MANATEE — West Bradenton resident Dan Lawson said he had no choice but to drive his 7-year-old son to school Tuesday morning.
That’s because the bus his son has taken to Prine Elementary for the past two years didn’t show up at its stop Monday. Or Tuesday.
Lawson wasn’t the only parent in the Manatee County School District forced to drive their child to school for the same reason.
Because of a computer software glitch, inactive bus stops were listed on the district’s website even after school started Monday.
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“Some of the stops should not have been listed,” schools Superintendent Tim McGonegal said Tuesday. There was no way, he said, to determine how many of the district’s nearly 4,000 stops were listed incorrectly online.
“We’re using a new software for routing this year and it’s been slow for us to implement online,” McGonegal said. “When they (the district’s vendor) did the download, it pulled in both active and inactive stops from last year. The drivers are running the right route, it’s just when the parent looks at the Internet, they think the stop is there.”
Some of the inactive stops remained online through Tuesday afternoon. As of 4 p.m., they had all been removed from the district’s website, McGonegal said.
McGonegal also said the district’s transportation department is short-staffed. The district’s route specialist, who manages the bus stop portion of the district’s website, has been out on medical leave. And Steve Merrier, the district’s assistant director for transportation, resigned Aug. 14 to spend more time with his family.
“The timing prior to the beginning of the school year was unfortunate,” said school district spokeswoman Margi Nanney. “It’s been very unfortunate and we’ve done the best we could to work through it.”
Manatee School for the Arts Principal Bill Jones said a few of his students were late Monday because their bus did not show up.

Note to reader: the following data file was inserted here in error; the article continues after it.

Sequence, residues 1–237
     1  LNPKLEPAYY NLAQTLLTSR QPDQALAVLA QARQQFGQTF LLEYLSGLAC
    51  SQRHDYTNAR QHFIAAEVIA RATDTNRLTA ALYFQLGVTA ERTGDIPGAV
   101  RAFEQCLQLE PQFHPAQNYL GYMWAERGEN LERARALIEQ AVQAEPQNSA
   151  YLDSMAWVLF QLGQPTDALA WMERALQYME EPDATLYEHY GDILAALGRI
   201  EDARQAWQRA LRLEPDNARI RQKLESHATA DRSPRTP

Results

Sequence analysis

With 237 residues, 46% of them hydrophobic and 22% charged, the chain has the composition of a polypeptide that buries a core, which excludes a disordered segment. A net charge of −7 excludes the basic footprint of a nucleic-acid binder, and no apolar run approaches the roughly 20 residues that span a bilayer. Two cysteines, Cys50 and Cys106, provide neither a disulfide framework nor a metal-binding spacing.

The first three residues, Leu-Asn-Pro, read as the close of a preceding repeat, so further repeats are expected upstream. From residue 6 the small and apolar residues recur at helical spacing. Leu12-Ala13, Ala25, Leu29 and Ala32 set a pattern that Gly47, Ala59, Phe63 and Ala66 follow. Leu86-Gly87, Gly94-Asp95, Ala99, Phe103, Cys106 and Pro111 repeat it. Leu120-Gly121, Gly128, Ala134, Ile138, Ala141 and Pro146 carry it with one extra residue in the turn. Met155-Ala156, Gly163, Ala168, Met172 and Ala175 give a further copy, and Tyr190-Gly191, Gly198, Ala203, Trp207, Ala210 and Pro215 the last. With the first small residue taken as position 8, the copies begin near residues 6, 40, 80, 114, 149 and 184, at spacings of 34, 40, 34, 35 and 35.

But he said school leaders were warned ahead of time of the potential issue.
“To be honest, it didn’t go that badly,” Jones said. “On Monday, transportation sent over two of their people who sat out here in our cafeteria working with kids to figure out what bus they would be on. It was incredibly slow and tedious.”
Students at the charter school typically depart around 5:30 p.m. On Monday, the last bus got students home around 7:30, school officials said.
“So yesterday was quite an aberration,” Jones said. “But in defense of the district, they made a really good-faith effort to deal with the problem. Yes, kids were late. But many of them called their parents from a cell phone to say, ‘We’ll be late.’ ”
The record rainfall didn’t help, either.
After standing huddled under an umbrella for 1 1/2 hours Monday, Lawson learned Tuesday — after driving Tyler to Prine — that his son had been changed to a walking route.
Most children who live less than two miles from school are not bused by the school district. But the district makes adjustments every year.
On his way home Tuesday morning, Lawson drove past the stop.
Like the day before, about a dozen children and their parents stood there huddled under umbrellas.
“I told them, ‘No more bus stop, no more bus stop,’ but most of them spoke Spanish,” he said. “It’s a shame. They’re probably going to be there tomorrow morning, too. But I hope not.”
Parents with questions on their child’s bus stop are asked to call (941) 782-1BUS (1287).